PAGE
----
I owe my gifts and abilities to Special Olympics. They are the reason why I’m as successful as I can be. Thanks to them, some of my speeches have made their way into the internet. Also I got to be on The Golf Channel’s “Golf in America”, and I got to go to Iowa because someone there saw me on that show.

Because of all this, miracles truly do happen. You make them happen for not just me, but for the many athletes of Special Olympics. All of you standing before me on this Friday night in November have an obligation. Your obligation is to make a difference in the lives of those whom ½-century ago would be shut out of society for who they were and who they were not. Thanks to Special Olympics, the thousands of athletes get to display something that not one of them thought they had, COURAGE. I encourage you to display courage in and out of your place of work.

Here are four ways to make a difference in the lives of the Special Olympians. 1.) Being here at the “Red, White, & Bid” is a good place to start because the money being raised from this event is going to the programs and other Special Olympic sporting events. 2.) Being involved at the local level such as the volunteering, coaching, fundraising, and attending such Special Olympic fundraisers as the Jolly Jaunt, Polar Plunge, Over the Edge, and the Golf-a-thon. Those events are worthwhile and help Special Olympics immensely because they rely heavily on fundraisers to keep their programs going. 3.) I encourage you to be mentors at work and have your company or business hire those that have participated in sporting events for Special Olympics in the past. 4.) Encourage your fellow co-workers to sponsor events for Special Olympics.

There is this scene in the movie “The Dead Poets Society” where Robin Williams, the most gifted actor of his time, goes on and on about reading and writing poetry. He states that “we don’t read and write poetry because it is cute; we read and write poetry because we are members of the human race, and the human race is filled with passion. Now let me ask you something. Why do we get involved with Special Olympics? We don’t get involved to make money, or to see who wins and who loses, or to see which Special Olympic athlete will be the first pick of the draft in any sport. We get involved because those Special Olympic athletes are members of the human race just like you are. Now all of you Special Olympics supporters may have backgrounds in management, technology, science, medicine, law and other professions outside of sports. Those are all and I quote from Robin Williams “noble pursuits” and “necessary to sustain life”. But Special Olympics, grace, compassion, character, goodwill; those are the things that we stay alive for.

Let me wrap up my speech by including some words of wisdom. Remember that generosity is not just the lifeblood of Special Olympics; it is an essential tool for humankind. Your generosity will only take you so far. Together we can make a difference. Together we are the Special Olympics.

Counting Fun; More Apps That Help with Learning and Support SOMA

We introduced you to a couple of Apps for the I-Pad and I-Phone that support learning for 2-4 year-olds and individuals with learning challenges. These apps also support Special Olympics Massachusetts with a donation for each one downloaded. Those Apps, Word Fun and Memory Fun can be downloaded in the App Store or the I-Tunes Store.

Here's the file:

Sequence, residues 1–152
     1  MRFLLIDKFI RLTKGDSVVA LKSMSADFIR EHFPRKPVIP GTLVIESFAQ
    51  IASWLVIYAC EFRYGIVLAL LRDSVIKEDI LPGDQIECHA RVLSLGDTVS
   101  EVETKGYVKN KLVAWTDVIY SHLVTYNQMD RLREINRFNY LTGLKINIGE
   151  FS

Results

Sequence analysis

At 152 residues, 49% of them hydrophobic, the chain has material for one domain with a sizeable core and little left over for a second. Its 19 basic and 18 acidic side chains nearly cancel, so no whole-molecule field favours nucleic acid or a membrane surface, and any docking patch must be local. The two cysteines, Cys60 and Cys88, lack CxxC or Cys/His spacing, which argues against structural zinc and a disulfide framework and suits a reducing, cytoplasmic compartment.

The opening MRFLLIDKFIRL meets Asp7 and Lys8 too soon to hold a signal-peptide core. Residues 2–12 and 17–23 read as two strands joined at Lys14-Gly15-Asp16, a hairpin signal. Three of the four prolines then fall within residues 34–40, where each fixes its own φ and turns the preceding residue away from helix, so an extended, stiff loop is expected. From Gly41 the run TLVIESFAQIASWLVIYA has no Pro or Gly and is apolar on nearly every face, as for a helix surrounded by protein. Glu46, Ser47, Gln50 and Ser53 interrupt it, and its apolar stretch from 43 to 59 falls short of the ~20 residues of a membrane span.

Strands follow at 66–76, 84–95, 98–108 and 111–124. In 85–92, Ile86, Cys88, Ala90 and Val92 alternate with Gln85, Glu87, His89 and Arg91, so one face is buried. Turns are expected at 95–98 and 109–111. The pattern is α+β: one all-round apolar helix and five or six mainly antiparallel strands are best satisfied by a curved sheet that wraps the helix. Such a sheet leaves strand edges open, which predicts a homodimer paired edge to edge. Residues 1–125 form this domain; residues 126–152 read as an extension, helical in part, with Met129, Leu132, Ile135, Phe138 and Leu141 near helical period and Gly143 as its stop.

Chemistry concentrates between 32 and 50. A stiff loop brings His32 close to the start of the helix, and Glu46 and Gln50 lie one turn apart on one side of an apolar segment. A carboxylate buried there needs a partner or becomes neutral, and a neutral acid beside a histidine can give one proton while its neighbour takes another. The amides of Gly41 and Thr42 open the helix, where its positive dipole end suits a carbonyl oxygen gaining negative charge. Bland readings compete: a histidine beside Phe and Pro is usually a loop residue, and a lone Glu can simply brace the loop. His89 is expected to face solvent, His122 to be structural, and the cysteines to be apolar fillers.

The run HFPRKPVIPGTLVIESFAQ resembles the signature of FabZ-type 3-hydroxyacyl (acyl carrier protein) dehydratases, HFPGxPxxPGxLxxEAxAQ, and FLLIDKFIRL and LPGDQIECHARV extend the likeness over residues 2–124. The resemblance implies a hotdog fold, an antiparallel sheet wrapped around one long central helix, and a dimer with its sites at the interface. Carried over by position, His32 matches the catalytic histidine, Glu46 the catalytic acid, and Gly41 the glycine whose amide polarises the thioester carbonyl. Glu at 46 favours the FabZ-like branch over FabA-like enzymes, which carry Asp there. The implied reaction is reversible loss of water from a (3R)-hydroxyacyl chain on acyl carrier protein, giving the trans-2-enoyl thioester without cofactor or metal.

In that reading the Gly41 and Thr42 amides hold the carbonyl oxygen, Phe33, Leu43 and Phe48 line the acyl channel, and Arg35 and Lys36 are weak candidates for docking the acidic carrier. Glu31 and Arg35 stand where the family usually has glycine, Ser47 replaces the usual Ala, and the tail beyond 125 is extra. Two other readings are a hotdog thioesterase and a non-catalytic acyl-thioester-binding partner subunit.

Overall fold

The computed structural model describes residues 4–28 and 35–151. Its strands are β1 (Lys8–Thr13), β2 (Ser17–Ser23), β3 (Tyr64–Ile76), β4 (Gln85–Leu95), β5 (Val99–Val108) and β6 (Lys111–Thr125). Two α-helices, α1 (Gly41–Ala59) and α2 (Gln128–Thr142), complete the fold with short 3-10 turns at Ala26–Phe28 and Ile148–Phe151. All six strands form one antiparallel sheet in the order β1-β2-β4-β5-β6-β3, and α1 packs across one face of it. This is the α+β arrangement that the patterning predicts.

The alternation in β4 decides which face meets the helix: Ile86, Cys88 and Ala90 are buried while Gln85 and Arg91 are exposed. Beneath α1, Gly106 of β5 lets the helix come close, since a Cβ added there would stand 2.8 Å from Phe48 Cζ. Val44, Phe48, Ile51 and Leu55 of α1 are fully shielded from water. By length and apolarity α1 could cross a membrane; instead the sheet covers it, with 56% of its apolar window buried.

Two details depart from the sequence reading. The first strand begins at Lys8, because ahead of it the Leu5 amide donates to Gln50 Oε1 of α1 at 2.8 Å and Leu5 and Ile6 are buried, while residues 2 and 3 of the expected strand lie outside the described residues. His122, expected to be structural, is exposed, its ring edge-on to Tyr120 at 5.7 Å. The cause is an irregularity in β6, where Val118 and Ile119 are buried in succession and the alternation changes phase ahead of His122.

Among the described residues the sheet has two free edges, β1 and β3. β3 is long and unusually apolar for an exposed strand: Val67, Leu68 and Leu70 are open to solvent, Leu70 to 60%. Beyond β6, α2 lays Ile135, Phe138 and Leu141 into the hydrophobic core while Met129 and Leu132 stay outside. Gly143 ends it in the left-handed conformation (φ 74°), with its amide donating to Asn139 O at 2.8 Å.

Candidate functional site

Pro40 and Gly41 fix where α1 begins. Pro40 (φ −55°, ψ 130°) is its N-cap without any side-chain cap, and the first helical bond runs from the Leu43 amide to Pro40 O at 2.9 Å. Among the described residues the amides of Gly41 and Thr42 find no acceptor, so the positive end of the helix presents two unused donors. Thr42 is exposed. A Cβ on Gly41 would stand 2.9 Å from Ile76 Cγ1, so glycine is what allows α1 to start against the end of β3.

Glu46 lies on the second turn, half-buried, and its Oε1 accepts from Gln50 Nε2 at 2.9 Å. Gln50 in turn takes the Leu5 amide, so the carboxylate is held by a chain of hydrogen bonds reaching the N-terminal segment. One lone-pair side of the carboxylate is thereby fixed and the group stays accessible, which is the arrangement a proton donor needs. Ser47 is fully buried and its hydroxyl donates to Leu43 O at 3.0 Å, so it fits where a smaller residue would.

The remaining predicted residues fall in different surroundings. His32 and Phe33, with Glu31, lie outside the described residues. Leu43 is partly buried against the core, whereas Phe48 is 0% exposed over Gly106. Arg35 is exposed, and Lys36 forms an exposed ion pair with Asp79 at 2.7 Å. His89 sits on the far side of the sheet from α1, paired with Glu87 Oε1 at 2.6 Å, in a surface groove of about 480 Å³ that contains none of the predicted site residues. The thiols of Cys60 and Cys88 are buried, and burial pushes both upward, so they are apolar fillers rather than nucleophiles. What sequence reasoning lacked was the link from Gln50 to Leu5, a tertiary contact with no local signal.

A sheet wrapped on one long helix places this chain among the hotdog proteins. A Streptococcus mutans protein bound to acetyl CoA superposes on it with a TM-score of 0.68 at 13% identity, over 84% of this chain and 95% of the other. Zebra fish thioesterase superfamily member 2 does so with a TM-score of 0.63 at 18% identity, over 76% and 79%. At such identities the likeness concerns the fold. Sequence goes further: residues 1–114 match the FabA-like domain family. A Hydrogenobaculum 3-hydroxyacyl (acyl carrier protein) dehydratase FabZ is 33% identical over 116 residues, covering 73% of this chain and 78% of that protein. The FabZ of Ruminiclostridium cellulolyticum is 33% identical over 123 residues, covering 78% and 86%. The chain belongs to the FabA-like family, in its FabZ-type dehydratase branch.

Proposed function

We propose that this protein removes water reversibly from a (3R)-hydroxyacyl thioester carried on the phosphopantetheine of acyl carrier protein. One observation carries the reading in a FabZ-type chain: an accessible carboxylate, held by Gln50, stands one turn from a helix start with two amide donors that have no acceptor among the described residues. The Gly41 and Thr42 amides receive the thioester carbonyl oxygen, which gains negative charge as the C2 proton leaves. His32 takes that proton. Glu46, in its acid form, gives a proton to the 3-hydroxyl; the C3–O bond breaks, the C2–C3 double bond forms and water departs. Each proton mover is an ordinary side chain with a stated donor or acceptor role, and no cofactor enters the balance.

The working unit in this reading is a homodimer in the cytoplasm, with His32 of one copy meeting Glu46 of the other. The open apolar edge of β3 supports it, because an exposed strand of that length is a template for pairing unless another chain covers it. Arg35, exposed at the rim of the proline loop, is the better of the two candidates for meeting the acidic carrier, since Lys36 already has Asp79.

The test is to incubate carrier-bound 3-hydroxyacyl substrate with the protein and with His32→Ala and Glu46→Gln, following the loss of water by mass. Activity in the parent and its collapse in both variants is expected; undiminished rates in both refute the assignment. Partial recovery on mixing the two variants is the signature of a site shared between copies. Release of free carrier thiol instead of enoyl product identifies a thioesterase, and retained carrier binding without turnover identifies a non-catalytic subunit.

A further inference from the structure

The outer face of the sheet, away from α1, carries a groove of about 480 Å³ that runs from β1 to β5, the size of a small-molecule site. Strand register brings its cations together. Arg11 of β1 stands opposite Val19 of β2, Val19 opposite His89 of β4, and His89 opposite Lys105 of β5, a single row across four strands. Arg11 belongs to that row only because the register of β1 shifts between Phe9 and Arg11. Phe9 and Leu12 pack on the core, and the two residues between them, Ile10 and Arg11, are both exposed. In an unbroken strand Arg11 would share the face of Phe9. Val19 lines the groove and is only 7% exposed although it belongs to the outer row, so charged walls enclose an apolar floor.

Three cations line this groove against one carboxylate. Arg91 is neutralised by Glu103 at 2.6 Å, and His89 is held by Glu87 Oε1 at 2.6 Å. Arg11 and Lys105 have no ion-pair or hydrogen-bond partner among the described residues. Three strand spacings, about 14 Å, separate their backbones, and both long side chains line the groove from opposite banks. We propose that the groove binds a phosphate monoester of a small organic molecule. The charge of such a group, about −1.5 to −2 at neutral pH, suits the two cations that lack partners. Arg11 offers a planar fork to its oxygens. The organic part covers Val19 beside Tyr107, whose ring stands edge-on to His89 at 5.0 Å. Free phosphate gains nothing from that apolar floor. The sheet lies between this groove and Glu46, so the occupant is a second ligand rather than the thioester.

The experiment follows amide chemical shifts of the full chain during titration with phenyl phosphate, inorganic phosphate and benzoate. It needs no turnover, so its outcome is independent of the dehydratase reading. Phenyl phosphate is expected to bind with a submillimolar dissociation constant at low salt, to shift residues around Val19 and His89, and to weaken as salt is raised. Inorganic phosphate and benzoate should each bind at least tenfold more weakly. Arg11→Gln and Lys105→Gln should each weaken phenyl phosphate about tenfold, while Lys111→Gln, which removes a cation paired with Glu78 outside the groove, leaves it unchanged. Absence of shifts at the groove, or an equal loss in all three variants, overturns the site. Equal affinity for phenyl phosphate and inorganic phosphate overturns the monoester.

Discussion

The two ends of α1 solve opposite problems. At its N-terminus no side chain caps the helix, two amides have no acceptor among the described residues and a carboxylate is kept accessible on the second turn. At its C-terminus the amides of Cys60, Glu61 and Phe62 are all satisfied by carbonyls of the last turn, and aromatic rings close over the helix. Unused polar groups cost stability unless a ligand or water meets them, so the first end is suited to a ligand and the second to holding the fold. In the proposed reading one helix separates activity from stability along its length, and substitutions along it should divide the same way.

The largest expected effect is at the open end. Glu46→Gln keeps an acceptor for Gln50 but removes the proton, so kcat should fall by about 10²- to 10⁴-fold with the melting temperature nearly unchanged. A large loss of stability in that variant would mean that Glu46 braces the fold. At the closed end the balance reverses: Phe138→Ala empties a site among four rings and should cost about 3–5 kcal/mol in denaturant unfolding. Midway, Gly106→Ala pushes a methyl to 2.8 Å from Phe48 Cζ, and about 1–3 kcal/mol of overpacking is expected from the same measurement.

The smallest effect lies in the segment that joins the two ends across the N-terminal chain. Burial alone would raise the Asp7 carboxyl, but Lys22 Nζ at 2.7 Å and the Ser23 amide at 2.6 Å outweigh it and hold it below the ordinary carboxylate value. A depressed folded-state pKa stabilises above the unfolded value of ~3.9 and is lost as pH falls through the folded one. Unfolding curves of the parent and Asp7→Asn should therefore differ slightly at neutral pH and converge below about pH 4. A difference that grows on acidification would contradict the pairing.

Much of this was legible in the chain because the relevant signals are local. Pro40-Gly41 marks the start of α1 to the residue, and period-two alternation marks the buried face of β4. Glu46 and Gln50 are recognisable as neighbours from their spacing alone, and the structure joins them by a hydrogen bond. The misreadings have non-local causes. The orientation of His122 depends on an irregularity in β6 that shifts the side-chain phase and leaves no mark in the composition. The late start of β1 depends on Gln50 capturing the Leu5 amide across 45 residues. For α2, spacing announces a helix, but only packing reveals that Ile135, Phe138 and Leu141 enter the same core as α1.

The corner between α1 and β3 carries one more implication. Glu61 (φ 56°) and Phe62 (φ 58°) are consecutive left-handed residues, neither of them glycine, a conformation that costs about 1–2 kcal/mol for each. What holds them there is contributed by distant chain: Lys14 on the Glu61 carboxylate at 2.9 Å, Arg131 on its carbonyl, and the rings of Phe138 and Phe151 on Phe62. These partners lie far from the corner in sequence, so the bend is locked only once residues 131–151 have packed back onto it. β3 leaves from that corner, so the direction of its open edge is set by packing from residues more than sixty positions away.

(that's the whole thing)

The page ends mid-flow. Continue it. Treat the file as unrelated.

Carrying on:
Now we introduce you to Counting Fun. This App was just released last week and complements the suite of Apps offered by Felix Educational Apps very nicely. It also supports SOMA with a donation.

Counting Fun is designed to help kids and individuals with learning challenges by giving them the tools to count from 1-10. It’s got great animation and sounds to encourage repetition. All these Apps use fun, frequency, focus and feedback to achieve their goals. These four main attributes help with learning and encourage kids to keep working through their challenges.

I-Pad and I-Phone apps are taking the education arena by storm. With all kinds of application to help not only individuals with special circumstances learn but even adults looking to hone a certain skill, Apps are becoming part of our everyday life.

You can help support Special Olympics Massachusetts by downloading these apps to your I-Pad or I-phone. Whether you’re a parent or even an educator, these apps are changing the way our kids learn.

You can find a direct link to these apps by going to the Felix EDU website at: http://www.felixeducationapps.com/ You can also go to the App Store and search for these apps by Felix Educational Apps and their parent company, Barnes Apps.

I-Pad Apps That Support Special Olympics Massachusetts

I-Pad Apps are becoming a way of life at this point and the education world is benefiting big time with these new ways of learning. So is Special Olympics Massachusetts with our new relationship with Felix Education Apps and their parent company, Barnes Apps.

If you are looking for apps that can help your 2-4 year old child or anyone that has learning challenges, these two apps from Felix Education will help them and at the same time, be supporting Special Olympics Massachusetts. A donation for every App downloaded will go to Special Olympics Massachusetts.

There are two apps and a third one launching in the coming days. The first is Word Fun. This app is designed to help children learn more than 100 common words they encounter in everyday life. It was developed to stimulate the language development of kids between the ages of 2-4 and those with learning challenges. These Apps use Focus, Frequency, Fun and Feedback to achieve the educational goals.

The other being offer now is Memory Fun. This app is about finding two cards that match. Words are learned by seeing and hearing the word pronounced in this fun setting. A world-renowned researcher in Down syndrome has been instrumental in developing these apps with more to come.

These Apps are being offered for only 99 cents for a limited time so hope on over to the App Store and download them.

If you have an I-Pad or I-Phone and want to give your child or family member with learning challenges a great way to learn, go to the App Store or go to I-Tunes and search for these two apps. They are Word Fun and Memory Fun listed under the parent company of Barnes Apps, You can also go directly to http://www.felixeducationapps.com/ and get a direct link to the apps on I-Tunes.